Apple’s smartwatch is almost available, and the first reviews are rolling in. What’s the verdict? For most reviewers, the sentiment is mixed: There’s some love for the design and functionality, but also a distinct air of wait and see.
Regardless of reviewers, thousands — or more likely, millions — of people are going to pick up the Apple Watch when it goes up for sale on April 24. Given that, what are the best bits of Apple’s new product category?
It’s gorgeous, and who doesn’t like wearing nice things? “I’ve worn my fair share of smartwatches and none are as good-looking as Apple Watch,” says Re/code’s Lauren Goode.
That sentiment is shared by The Wall Street Journal’s Joanna Stern, who writes, “Going out with the watch has given me added confidence. It looks nice. The steel body and mesh band match almost any colour I wear — admittedly, mostly black.”
Yahoo Tech’s David Pogue is similarly excited about the watch’s looks. “The Apple Watch is much smaller, sleeker, and more beautiful than any other smartwatch,” Pogue says.
Beyond looks, the Apple Watch is apparently great at making smartphone “power users” less rude. Everyone has that friend who incessantly checks their phone for notifications. Maybe you’re that friend. If that’s the case, Apple Watch can help you focus less on your phone while still staying on top of your popularity. The New York Times’ Farhad Manjoo is apparently just such a user, and he says that Apple Watch helped him kick the habit.
“By notifying me of digital events as soon as they happened, and letting me act on them instantly, without having to fumble for my phone, the Watch become something like a natural extension of my body — a direct link, in a way that I’ve never felt before, from the digital world to my brain. The effect was so powerful that people who’ve previously commented on my addiction to my smartphone started noticing a change in my behaviour; my wife told me that I seemed to be getting lost in my phone less than in the past. She found that a blessing,” Manjoo says.
Power user or not, Apple Watch is said to be intuitive and easy to use. Would you expect any less from the company behind the iPhone, iPad, and iOS?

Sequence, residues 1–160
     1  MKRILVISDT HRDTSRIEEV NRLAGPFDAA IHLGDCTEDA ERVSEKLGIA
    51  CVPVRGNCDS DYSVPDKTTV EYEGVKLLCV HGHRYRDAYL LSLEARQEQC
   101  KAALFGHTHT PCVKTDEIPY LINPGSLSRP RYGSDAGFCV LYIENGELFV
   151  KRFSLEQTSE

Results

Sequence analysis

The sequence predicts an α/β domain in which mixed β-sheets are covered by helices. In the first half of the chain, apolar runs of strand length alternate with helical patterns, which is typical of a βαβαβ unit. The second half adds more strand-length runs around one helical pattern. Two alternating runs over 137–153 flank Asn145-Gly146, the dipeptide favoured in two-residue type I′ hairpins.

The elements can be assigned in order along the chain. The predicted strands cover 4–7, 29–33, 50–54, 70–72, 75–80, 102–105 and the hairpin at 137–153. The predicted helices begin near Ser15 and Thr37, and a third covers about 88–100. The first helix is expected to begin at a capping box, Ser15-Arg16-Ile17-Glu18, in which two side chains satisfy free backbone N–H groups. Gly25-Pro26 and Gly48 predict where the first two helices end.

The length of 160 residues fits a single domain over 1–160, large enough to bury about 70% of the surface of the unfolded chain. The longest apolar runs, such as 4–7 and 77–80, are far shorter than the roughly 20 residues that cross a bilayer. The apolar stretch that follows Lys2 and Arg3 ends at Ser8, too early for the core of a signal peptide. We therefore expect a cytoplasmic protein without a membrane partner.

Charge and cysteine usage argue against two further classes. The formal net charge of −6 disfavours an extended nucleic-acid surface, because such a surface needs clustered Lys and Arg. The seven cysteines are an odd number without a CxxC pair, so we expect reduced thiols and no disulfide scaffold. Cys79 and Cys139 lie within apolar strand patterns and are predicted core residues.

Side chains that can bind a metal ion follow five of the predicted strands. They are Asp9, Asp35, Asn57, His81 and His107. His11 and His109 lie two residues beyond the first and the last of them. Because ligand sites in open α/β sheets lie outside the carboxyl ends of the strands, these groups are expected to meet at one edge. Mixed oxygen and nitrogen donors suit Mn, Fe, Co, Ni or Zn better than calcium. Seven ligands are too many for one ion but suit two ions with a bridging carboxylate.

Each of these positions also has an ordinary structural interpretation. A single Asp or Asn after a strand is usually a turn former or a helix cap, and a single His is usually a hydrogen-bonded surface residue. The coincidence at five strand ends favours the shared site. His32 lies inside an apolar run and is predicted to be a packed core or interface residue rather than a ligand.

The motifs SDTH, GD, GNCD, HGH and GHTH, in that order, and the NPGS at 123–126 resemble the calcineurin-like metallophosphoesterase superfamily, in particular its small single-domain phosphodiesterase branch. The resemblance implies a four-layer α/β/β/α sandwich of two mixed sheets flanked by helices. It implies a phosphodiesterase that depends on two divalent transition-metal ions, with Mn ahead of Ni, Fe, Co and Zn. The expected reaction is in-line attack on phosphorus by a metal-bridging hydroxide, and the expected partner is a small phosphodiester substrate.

“Checking text messages and emails by quickly glancing at the watch saved me some time, and it was certainly helpful when I was deeply engaged in an important activity,” writes Bloomberg’s Josh Topolsky. Similarly helpful is the Apple Pay functionality built into Apple Watch: Tap your watch on an Apple Pay kiosk and you’re good to go.
“It’s incredibly easy to make purchases with Apple Watch. I bought a Shamrock Shake at McDonald’s, where the clerk didn’t bat an eye when I double pressed on the side button, selected the credit card I wanted to use and then waved the watch over the NFC reader,” saysMashable’s Lance Ulanoff.
But maybe you’re not interested in shelling out the minimum of $US550 for a fancy steel Apple Watch with a sapphire screen? That’s understandable. Thankfully, the Apple Watch Sport, a $US350 model with slightly less fancy materials but identical functionality, is said to be more than enough. It’s also said to be a great fitness band replacement. “In my rigorous 45-minute SoulCycle spinning classes, the watch’s sport band hugged my wrist snugly, enabling a surprisingly accurate heart-rate reading. It stayed within five beats of my trusty Polar chest-strap monitor — still the closest you can get to an EKG, according to my tests,” Stern writes at The Wall Street Journal. “At the end of three workouts, both the Polar and the watch reported similar average beats per minute. That’s far more accurate than the Fitbit Charge HR and Microsoft’s Band.”
Caveats aside — andthere are lots of those— Apple Watch reviewers are reservedly excited about Apple’s first entry into a new product category. Whether you’re willing to put up with first-generation bumps in the road is another question altogether, but it’s good to know there’s a smattering of great functionality in Apple’s first attempt.
NOW WATCH: Here’s How The Apple Watch Works
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